I wrote this article for last month’s “Coffee Shop for the Fantasy Society” Newsletter (aka “Dragon Scroll”) and just thought I’d put it up here, just in case it turns out to be helpful to anyone. Perhaps it will strike up a discussion, who knows?
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So. You’ve finally finished that manuscript. You’ve worked on it long and hard hours. You’ve studied the craft of writing a novel and applied it every which way to your amazing story. You’ve developed amazing characters that everyone will love … Well, maybe not everyone. Let’s be real here. This is real life. Everyone is different. Not everyone is going to like what you’ve written. But a good many will if you do have that great story and wonderful characters. How do you create those? Well, I can’t tell you that. There is a huge range of advice out there. But I still think there is a certain je ne c’est que about the characters I have totally fallen in love with.
But back to that manuscript. Are you going to send it out to agents? Unsolicited to publishers? Or are you going to self-publish? Self-publishing? Great. Self-pubbing is really taking off. And you can keep more of the profits, and you actually get to pick your own cover design … There are a lot of plusses to going it “alone” (although, there is a HUGE writing community out there, so none of us is alone). But, before you go out there and do all this, I just want to say one thing: STOP!
Run it by an editor. Seriously.
Yes, I know, Twilight wasn’t awesomely written and it sold millions. The first Sookie Stackhouse book (at least) is very poor quality, and look at it now … very popular TV show (but, the TV show is written by others … and no one’s judging them for how they spell or use adjectives), and, yes, then there’s good ol’ Fifty Shades …. Yes. it’s true. Poorly edited work can sell. Poorly edited work can be held up as amazing writing, even (not mentioning names this time around).
But what do you really want you and your work to be remembered for? Do you want to be remembered for great characters and a great story? Yes? [hand to ear] … I think I heard quiet agreement there. Yeah. Me too. I want my story to be remembered. I want my characters to be remembered. Sure, I don’t mind if someone highlights something on their Kindle/Kindle App/Other… and makes a note “Great line”, or “Awesome dialogue” (am I the only one?). What I don’t want is to be remembered for slow moving prose, filled to overflowing with adverbs, writing techniques that keep throwing the reader out of the story and reminding them they are reading, not in my world, or, heaven forbid, confusing my readers.
And as the writer, you can’t tell these things. I’m telling you that now. When you wrote that awesome chase scene, you saw it all happen, and you wrote it down. But how do you know if someone reading it sees, hears and smells what you experienced? Well, for that you need, at the very least, beta readers.
But this item is running away on me a bit here. And I have one other endorsement to make: seriously consider having a professional editor look at your work. Yes, they’re expensive. But they are worth it (and in this day and age of crowd-funding … no excuses!). Especially when it comes to that “Kill your darlings” bit. Your editor isn’t so attached. They can see what really is chaff.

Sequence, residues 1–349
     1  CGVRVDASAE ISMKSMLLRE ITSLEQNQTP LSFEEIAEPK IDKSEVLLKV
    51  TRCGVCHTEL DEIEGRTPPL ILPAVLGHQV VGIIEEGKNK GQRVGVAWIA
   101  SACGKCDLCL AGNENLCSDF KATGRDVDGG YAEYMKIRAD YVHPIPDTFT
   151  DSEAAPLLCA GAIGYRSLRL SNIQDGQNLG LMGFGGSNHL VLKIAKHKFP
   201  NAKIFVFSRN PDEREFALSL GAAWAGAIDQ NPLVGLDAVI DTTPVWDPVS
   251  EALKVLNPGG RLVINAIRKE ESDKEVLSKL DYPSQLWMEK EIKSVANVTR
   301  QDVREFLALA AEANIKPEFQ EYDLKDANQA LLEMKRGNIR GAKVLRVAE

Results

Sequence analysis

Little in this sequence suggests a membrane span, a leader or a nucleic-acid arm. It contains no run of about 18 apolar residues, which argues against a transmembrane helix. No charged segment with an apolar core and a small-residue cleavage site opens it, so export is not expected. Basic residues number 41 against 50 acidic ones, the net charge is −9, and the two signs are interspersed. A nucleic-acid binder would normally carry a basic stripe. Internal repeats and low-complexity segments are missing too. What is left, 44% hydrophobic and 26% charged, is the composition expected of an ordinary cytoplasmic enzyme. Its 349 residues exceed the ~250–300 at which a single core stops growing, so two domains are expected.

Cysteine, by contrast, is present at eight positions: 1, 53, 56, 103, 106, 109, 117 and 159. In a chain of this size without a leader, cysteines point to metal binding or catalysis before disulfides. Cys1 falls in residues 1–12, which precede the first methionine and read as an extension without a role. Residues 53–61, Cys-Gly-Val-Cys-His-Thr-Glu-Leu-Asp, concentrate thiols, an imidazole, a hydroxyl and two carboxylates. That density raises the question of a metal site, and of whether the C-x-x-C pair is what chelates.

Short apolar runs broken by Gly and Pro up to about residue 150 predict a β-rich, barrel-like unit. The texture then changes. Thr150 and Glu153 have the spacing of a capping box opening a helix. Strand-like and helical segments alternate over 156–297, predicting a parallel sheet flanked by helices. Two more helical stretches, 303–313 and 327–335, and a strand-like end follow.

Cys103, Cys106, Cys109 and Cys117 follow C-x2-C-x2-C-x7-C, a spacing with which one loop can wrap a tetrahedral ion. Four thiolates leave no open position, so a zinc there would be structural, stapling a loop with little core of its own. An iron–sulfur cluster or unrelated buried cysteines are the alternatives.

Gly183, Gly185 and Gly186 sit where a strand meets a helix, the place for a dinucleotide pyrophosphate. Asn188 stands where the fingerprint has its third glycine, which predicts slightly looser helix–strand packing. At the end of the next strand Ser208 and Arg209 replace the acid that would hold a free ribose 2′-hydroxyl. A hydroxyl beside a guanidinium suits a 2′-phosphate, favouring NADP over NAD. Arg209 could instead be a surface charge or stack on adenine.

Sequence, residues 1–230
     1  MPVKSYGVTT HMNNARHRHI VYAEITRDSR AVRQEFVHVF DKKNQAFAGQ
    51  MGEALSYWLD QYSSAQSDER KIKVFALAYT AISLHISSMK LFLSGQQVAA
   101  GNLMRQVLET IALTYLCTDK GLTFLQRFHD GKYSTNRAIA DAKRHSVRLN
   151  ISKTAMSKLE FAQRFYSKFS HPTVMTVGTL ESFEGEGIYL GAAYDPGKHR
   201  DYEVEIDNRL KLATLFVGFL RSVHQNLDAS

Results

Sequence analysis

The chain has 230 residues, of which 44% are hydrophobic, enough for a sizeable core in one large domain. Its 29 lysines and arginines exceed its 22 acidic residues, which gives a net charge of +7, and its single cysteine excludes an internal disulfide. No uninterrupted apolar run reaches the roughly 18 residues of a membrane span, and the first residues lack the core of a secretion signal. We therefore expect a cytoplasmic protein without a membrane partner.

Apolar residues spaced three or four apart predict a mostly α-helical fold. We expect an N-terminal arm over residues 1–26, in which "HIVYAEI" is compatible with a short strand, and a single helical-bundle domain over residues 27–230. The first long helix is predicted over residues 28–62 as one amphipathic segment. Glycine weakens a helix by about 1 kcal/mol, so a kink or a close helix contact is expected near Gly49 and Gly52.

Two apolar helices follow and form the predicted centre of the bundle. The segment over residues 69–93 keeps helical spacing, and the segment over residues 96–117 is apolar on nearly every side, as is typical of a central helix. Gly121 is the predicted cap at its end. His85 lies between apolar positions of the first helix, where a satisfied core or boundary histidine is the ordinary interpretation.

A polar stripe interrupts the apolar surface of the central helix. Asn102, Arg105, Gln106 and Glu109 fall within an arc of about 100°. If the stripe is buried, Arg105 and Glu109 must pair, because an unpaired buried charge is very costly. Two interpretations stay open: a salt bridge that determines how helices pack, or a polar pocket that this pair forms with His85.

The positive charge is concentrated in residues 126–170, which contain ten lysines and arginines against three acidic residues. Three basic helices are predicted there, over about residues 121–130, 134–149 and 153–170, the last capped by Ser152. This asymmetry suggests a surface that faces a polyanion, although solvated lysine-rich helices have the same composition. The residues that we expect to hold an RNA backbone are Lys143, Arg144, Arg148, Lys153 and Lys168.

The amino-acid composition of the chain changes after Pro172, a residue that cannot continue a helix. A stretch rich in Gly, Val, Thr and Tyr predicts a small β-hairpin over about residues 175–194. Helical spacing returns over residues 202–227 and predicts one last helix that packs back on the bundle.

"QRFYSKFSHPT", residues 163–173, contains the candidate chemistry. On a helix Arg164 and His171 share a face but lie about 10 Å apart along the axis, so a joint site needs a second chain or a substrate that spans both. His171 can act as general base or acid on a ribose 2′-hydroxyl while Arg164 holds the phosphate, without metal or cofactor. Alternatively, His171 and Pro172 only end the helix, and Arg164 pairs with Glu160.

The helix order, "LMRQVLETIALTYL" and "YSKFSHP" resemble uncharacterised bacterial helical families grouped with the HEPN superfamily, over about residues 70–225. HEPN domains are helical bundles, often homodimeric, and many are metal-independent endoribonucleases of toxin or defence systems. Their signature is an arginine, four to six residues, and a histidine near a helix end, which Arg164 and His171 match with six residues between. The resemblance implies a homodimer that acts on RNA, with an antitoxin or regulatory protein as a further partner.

I’m currently going through edits for Healer’s Touch [actually finished edits by the time I’m posting this to the blog… on to final proofread] (I chose to submit my work to a small publisher, rather than go it alone, but that will be another article), and yes, it’s tough. Some of those lines I’m thinking “But that really shows the character!”. But, you know what? The character is still there without my nit-picky stage direction. My editor could see that. I couldn’t. A couple of lines I’ve gone back to my editor and said “Can’t we keep that one?” and he’s either agreed, or suggested an altered version. And he pushed me to re-write a couple of fight scenes, and they are so much better.
Critique partners are grand, but they are also focussed on their own work. Beta readers are wonderful, and indispensible, but they don’t necessarily know where each and every comma should be, and they might also be forgiving of your chatty style. A professional editor won’t be. It may be hard at first, but if you realise that they’re there to help, they’re there to strengthen your writing, then you really can handle it. But don’t be a doormat, either. If that line really matters to you, say so. It’s about team work. And ultimately, it’s your story.
So put your MS’s best foot forward. Make it shine. And don’t be afraid to ask for help.
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So, what do you think? I don’t want to discount the value of critique partners and beta readers – there is no doubt we need them all. But working with an editor has been the single most valuable thing I have done in my writing “career” (such as it is), so yes, I am spouting gospel about something I only have minimal experience with. Meh.
And on that note, feel free to tell me YOUR most valuable experience when it comes to writing…